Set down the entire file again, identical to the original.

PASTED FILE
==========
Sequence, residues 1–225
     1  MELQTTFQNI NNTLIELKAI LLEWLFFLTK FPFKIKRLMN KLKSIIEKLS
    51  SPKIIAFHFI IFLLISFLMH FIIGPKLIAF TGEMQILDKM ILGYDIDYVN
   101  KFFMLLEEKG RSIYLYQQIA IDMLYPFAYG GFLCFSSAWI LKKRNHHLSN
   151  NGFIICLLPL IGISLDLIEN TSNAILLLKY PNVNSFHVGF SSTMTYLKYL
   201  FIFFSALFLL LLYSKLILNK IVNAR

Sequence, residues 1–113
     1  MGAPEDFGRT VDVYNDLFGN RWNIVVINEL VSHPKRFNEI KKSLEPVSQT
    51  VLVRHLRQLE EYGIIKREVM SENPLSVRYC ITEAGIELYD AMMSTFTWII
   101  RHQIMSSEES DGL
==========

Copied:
Sequence, residues 1–225
     1  MELQTTFQNI NNTLIELKAI LLEWLFFLTK FPFKIKRLMN KLKSIIEKLS
    51  SPKIIAFHFI IFLLISFLMH FIIGPKLIAF TGEMQILDKM ILGYDIDYVN
   101  KFFMLLEEKG RSIYLYQQIA IDMLYPFAYG GFLCFSSAWI LKKRNHHLSN
   151  NGFIICLLPL IGISLDLIEN TSNAILLLKY PNVNSFHVGF SSTMTYLKYL
   201  FIFFSALFLL LLYSKLILNK IVNAR

Sequence, residues 1–113
     1  MGAPEDFGRT VDVYNDLFGN RWNIVVINEL VSHPKRFNEI KKSLEPVSQT
    51  VLVRHLRQLE EYGIIKREVM SENPLSVRYC ITEAGIELYD AMMSTFTWII
   101  RHQIMSSEES DGL